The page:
Sunday, March 07, 2010

Directing An Award Breakthrough

The following was written for the Director's Chair # 6 over at The Large Association of Movie Blogs. Kathryn Bigelow and Jane Campion are selected as this month's featured directors.

In a few mere hours history may, and most likely will, take place at this year's Academy Awards. Kathryn Bigelow, director of The Hurt Locker, is poised to become the first woman ever to win the award for Best Director. While the award is deserved, the film is good though vastly overhyped, you cannot help but wonder why has it taken so long for the gender barrier to be broken? Also, is Bigelow really breaking through? Or merely being rewarded for making a film that appeals to the "old boys club" branch of the Academy?

The one comment that I have noticed a lot Oscar pundits say in favour of Kathryn Bigelow is that she, unlike other female directors, does not make the typical female driven films. Her films, with the exception of The Weight of Water, and the vastly underrated, Blue Steel (hey, it's a guilty pleasure flick), are often male driven adrenaline flicks. Whether it is the straight action of Point Break, the horror chills of Near Dark, or a science fiction thriller like Strange Days, Bigelow knows how to keep the audience on the edge of their seats. Yet to imply that Bigelow should win because she makes movies that predominately appeal to men is insulting to both Kathryn Bigelow and female directors in general.

This line of thought offers the subtle implication that Bigelow is not one of those "feminist" directors, like Jane Campion, simply because she doe not cater to the female gender. Which also assumes that women do not like genre flicks as much as men do. Worst of all, it makes female directors, who focus on female driven stories, seem somehow less deserving of the Best Director award. I believe you would be a fool to assume that Kathryn Bigelow is not on the same level of Jane Campion when it comes to championing female equality in film. To me Bigelow is the embodiment of the modern feminist movement in cinema. If you really think about it, the core of feminism has always been about gender equality. Kathryn Bigelow exemplifies this with her work behind the camera. She makes genre films as good as any male director and, best of all, you never feel the need to question the gender influence when watching her films. You approach Bigelow's work the same way you would approach any other action director's work.

Unlike Bigelow who thrives who behind the scenes, Jane Campion is one of the directors that believes in putting women in the forefront of the camera. Her films, which include Holy Smoke, The Piano, In the Cut, Portrait of a Lady, etc, often focus on strong female characters coming to terms with love, sexuality, and independence. Campion is often associated with period pieces though she has dabble in the horror/thriller genre with In the Cut. Although being nominated for the Best Director award in 1994 for her film The Piano, Campion, like other female nominated directors, had to settle for the Best Original Screenplay award. To be fair, Jane Campion was going up against Steven Spielberg's Schindler's director stood a chance against that film. Regardless, is the fact that Campion specializes in female driven stories the reason she, or other female directors, have not won in the directing category? Do female directors need to start making more action films like Bigelow to get Academy Award notice?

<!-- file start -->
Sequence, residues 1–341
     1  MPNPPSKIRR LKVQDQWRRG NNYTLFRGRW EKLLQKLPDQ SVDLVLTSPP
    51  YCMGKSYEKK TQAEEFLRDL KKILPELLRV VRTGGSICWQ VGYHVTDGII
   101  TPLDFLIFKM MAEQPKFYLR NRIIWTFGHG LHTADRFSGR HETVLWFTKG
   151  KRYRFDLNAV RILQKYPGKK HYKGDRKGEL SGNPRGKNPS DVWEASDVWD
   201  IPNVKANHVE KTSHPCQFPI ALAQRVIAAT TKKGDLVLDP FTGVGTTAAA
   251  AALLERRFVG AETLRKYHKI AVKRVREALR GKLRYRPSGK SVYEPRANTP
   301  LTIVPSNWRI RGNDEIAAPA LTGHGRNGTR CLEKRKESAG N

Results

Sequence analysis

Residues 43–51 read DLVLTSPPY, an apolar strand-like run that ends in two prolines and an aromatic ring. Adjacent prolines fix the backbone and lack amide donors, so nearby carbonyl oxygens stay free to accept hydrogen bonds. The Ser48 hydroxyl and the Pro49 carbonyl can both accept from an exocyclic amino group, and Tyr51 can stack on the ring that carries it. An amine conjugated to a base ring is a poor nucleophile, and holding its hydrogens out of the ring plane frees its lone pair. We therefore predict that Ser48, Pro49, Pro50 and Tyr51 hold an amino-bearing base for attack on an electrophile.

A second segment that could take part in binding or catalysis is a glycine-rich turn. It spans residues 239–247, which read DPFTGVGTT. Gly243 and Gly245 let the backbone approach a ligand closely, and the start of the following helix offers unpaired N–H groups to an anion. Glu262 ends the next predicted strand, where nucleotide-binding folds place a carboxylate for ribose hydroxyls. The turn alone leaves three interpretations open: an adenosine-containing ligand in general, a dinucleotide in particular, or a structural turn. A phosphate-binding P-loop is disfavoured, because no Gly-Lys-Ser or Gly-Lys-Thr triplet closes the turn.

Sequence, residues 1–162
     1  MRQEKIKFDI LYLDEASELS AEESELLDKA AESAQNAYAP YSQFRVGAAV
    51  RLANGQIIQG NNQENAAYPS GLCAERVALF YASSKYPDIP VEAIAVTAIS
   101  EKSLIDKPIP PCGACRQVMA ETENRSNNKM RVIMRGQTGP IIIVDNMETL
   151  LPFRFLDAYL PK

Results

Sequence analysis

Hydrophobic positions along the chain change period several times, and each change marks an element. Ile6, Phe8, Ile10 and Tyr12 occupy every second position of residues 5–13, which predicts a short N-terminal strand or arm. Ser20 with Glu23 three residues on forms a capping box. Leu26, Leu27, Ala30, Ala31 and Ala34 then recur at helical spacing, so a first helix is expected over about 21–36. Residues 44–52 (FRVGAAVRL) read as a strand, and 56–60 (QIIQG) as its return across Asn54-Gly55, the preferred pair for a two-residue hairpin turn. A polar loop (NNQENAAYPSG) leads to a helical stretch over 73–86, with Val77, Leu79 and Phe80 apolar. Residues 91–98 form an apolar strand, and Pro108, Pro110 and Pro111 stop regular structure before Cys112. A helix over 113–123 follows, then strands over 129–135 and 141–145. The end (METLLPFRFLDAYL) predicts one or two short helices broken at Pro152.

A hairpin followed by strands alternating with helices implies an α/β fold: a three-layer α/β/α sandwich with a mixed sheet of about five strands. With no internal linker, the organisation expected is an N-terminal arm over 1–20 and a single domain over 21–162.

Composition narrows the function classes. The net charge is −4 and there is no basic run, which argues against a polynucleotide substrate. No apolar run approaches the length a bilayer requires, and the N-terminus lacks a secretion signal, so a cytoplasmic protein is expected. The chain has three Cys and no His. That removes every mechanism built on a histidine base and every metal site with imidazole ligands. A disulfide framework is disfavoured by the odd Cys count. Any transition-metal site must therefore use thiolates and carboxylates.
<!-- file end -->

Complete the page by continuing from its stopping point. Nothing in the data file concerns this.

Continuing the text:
I may be naive but I would like to believe that it will not resort to this. The merit of Kathryn Bigelow's work on The Hurt Locker speaks for itself. The Best Director race this year is one of the few cases where everyone nominated is equally deserving of the award. An argument can be made for why each one, yes, even James Cameron, should win the award. The Academy may have finally reached the beginning of a new era; soon we will no longer need to discuss gender or race at the awards. I hope this new age will be one where female directed works, featuring both male and female driven stories, are viewed as equals in the eyes of the Academy, and pundits alike, regardless of genre. It will not happen overnight mind you, as Best Director is one of the few areas where a couple more walls still need to be broken down, but the first positive steps towards change will hopefully happen tonight.


  1. Great piece!
    I also felt naive thinking that she was winning out of merit alone but we can't deny that it did help that she broke several patterns: she directed like a "man", she made a great thriller and she made the best movie about the Iraq conflict (perhaps the only one that's gotten any real respect, see how "Stop Loss" fared and it also was directed by a woman).
    Now I would've given her, Sofia and Jane the vote. But Bigelow's win came at an appropriate time for the Academy to do so. Sophia and Jane stood no chance against Steven and Peter, but Bigelow seemed to be the only one who could win this.
    James had won before, QT isn't as embraced as we think and the other two are "rookies", so truly it was either now or never for them.
    I love that she won and I love the film but it still had a lot to do with chauvinist politics at their most evident.

  2. @ Jose- I have to agree that it was the best film about the Iraq war to date. The Messenger would be a close second in my books.

    I wish the Oscars had not become so political over the last fifteen years. It is no longer about awarding the best, but awarding who has waited the longest, who said the right things in interviews, etc. I think the studio campaigns of the 90’s really killed the Academy Awards in general. Still, I am glad that Bigelow won, it was deserved.


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